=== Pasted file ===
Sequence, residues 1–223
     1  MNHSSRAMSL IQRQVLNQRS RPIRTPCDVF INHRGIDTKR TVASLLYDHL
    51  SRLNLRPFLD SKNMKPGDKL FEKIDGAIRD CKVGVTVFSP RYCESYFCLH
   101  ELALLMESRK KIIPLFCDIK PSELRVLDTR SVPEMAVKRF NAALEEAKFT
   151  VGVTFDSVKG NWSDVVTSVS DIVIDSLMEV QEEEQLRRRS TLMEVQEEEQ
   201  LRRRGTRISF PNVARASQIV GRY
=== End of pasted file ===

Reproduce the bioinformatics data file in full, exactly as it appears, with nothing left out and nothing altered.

Sequence, residues 1–223
     1  MNHSSRAMSL IQRQVLNQRS RPIRTPCDVF INHRGIDTKR TVASLLYDHL
    51  SRLNLRPFLD SKNMKPGDKL FEKIDGAIRD CKVGVTVFSP RYCESYFCLH
   101  ELALLMESRK KIIPLFCDIK PSELRVLDTR SVPEMAVKRF NAALEEAKFT
   151  VGVTFDSVKG NWSDVVTSVS DIVIDSLMEV QEEEQLRRRS TLMEVQEEEQ
   201  LRRRGTRISF PNVARASQIV GRY